Feeling sad or depressed is part of what it is to be a human. It’s something that every one of us feels at times and it’s something that none of us can avoid. It’s a sign of maturity that one has developed resilience to misfortune that we don’t expect from children, whom we shield from harsh realities. The degree to which each of us is resilient and what we can take in our stride is an individual matter but very few of us expect to be happy all of the time.
‘Depression’, however, is a diagnostic term used by doctors and some psychological practitioners to refer to a set of symptoms that are often experienced simultaneously. Below is the beginning of the entry on ‘Depressive Episodes’ in the I.C.D.-10, the tenth volume of the International Classification of Diseases published by the World Health Organisation. Along with the D.S.M.-V, produced by the American Psychiatric Association, these two volumes are the manuals used by psychiatrists and psychologists globally to diagnose mental health ‘disorders’.
“In typical depressive episodes... the individual usually suffers from depressed mood, loss of interest and enjoyment, and reduced energy leading to increased fatiguability and diminished activity. Marked tiredness after only slight effort is common. Other common symptoms are: (a) reduced concentration and attention; (b) reduced self-esteem and self-confidence; (c) ideas of guilt and unworthiness (even in a mild type of episode); (d) bleak and pessimistic views of the future; (e) ideas or acts of self-harm or suicide; (f) disturbed sleep (g) diminished appetite.”1
Manuals such as the I.C.D.-10 and D.S.M.V are based on the collection of information from thousands of clinicians - and tens of thousands of their patients - working in the field of medicine and mental health treatment within the medical model. They are developed to take the guesswork out of diagnosis, so that it is reliable and applied uniformly to everyone equally - that having symptoms X + Y= diagnosis Z. The obvious follow on from diagnosis is that particular forms of treatment are prescribed based upon the diagnosis because they have expected outcomes. But is the course of human behaviour so easy to predict?
A little further on from the above entry the authors write that “as with manic episodes, the clinical presentation shows marked individual variations, and atypical presentations are particularly common in adolescence.” So, there’s no one size fits all and teenagers break all the rules. Indeed the preceding quotation speaks about ‘typical’ presentations and what people ‘usually’ suffer from. So things are not so black and white.
As a clinician myself I am concerned about my clients being diagnosed by a doctor as ‘having depression’ before they come to work with me. Certainly, such clients may be feeling depressed, and have many of the symptoms listed in the I.C.D.-10 or D.S.M.V, but having a diagnosis of depression says nothing about what that particular person is experiencing. It says that they went to a doctor looking for help because they were suffering and the doctor assessed them in terms of their symptoms and prescribed a particular treatment. They may be prescribed medication, psychological/psychotherapeutic treatment or both, but the diagnosis itself is only one word that stands in for all the others that make up the experiences of the unique individual in question.
A diagnosis of depression suggests a prognosis - it suggests a typical way that a person will behave based on the previous experience of others and how a ‘typical’ person will ‘usually’ respond to different forms of treatment. In my experience of working with people diagnosed with ‘depression’ there is an expectation that it will end within a predetermined time frame and an expectation that medication will have had a specific and measurable result within a certain time frame. It’s human nature to want things such as suffering to have a definite end point and to look to others’ experience to predict what we can expect but the flipside of this is that there are no guarantees that our own experience will be the same as an other's.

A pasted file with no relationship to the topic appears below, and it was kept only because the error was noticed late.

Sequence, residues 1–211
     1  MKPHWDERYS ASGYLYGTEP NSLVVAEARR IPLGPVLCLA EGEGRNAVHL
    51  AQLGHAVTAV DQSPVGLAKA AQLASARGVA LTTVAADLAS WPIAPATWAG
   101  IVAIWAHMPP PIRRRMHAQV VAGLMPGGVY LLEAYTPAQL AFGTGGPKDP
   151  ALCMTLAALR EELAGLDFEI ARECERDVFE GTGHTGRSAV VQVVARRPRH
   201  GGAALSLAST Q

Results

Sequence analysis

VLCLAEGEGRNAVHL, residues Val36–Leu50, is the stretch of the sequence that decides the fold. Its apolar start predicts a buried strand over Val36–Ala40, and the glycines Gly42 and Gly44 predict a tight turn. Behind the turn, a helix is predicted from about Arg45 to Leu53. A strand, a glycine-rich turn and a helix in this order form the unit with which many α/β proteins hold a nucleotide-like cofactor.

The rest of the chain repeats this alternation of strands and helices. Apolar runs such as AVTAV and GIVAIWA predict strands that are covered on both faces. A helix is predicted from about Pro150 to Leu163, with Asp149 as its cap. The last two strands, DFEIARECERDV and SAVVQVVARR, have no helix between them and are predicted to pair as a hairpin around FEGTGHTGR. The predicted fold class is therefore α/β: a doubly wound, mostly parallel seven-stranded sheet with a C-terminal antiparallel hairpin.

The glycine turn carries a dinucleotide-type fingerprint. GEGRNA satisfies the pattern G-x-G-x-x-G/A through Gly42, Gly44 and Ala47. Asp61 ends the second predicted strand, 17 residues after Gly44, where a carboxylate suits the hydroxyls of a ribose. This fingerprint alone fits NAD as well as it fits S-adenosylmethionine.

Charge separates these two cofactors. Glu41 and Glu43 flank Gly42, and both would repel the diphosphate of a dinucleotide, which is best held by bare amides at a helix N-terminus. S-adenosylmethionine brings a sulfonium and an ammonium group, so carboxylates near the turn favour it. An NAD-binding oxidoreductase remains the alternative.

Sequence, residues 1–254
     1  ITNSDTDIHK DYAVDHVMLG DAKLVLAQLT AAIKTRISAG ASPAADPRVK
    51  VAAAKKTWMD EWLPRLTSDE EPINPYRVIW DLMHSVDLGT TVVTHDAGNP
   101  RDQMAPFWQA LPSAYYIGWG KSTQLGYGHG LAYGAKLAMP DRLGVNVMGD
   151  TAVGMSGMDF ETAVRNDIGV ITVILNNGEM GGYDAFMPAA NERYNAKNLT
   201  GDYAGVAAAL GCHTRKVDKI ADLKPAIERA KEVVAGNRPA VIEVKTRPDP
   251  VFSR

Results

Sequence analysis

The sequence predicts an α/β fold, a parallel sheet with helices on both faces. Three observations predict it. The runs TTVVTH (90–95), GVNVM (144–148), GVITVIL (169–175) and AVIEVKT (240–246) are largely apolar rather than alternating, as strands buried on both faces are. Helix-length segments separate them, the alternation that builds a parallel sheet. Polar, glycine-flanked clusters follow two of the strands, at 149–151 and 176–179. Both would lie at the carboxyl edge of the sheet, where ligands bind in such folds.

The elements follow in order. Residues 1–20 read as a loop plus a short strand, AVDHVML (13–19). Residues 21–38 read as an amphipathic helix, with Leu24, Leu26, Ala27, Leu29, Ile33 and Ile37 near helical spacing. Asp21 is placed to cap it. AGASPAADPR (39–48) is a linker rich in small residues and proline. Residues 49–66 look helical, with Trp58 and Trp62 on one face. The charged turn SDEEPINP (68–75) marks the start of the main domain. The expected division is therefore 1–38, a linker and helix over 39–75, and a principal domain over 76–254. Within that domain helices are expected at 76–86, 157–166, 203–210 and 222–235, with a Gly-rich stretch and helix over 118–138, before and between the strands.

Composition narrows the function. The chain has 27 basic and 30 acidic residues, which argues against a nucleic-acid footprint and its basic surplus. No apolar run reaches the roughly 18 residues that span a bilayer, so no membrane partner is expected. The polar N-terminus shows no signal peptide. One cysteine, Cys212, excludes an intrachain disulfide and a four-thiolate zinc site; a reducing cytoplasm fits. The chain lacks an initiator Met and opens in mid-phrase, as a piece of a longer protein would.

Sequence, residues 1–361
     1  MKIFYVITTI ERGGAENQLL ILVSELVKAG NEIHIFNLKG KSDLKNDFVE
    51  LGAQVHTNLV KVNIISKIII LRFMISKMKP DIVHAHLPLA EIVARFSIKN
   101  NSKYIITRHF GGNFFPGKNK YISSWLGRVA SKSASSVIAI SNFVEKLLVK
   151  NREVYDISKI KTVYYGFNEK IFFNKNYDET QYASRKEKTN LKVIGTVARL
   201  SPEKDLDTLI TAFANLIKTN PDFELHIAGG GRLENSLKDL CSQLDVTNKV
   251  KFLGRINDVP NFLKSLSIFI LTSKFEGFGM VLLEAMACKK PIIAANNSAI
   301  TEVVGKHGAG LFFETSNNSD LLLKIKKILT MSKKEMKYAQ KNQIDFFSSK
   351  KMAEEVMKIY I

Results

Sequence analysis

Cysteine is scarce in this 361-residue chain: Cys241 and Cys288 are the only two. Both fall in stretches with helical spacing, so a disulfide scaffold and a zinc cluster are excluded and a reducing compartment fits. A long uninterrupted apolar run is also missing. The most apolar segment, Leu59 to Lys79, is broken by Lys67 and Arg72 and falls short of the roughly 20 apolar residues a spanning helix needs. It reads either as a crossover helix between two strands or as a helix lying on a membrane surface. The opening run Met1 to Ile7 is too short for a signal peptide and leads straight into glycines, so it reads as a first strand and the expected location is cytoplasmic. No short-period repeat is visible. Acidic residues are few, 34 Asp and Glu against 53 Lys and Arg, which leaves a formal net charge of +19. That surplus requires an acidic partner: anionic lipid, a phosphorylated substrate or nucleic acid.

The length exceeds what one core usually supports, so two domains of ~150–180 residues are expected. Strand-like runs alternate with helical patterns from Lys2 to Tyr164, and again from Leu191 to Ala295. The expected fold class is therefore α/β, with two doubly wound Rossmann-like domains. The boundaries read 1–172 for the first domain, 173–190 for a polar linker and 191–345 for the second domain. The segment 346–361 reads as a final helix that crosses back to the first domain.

This is particularly relevant if someone has chosen to take prescription medication as part of their treating the depressed feelings that they are experiencing. There is an expectation that they will notice measurable changes within a predetermined time, but everyone responds to medication differently and for many people medication simply is not enough. Medication will treat the symptoms of feeling depressed but it can’t explain why you may be feeling that way in the first place. As a psychoanalyst I believe that all such symptoms are meaningful and can only be understood through speech - that only in analysing why and how the symptoms have developed can we know something about alleviating them permanently.
The main point that I wish to make is this - a diagnosis of ‘depression’ is not necessary to begin doing something about your experience of feeling depressed. Receiving a diagnosis of ‘depression’ does not make your suffering any more legitimate than it was before the diagnosis - because it was always legitimate. If we are truly going to lift the stigma on mental health issues in Ireland and grow as a nation out of the infertile isolationism of shame and silence than part of that is also moving beyond the idea that an other in a position of knowledge can legitimate what is our own unique and individual suffering.
If you are feeling depressed and you want to do something about it you can call 085 1440 272 or make contact via the form on the 'Contact' page.
1 pg.100, ‘The ICD-10 Classification of Mental and Behavioural Disorders: Clinical Descriptions and Diagnostic Guidelines’, World Health Organization; 1 edition (January 1, 1992)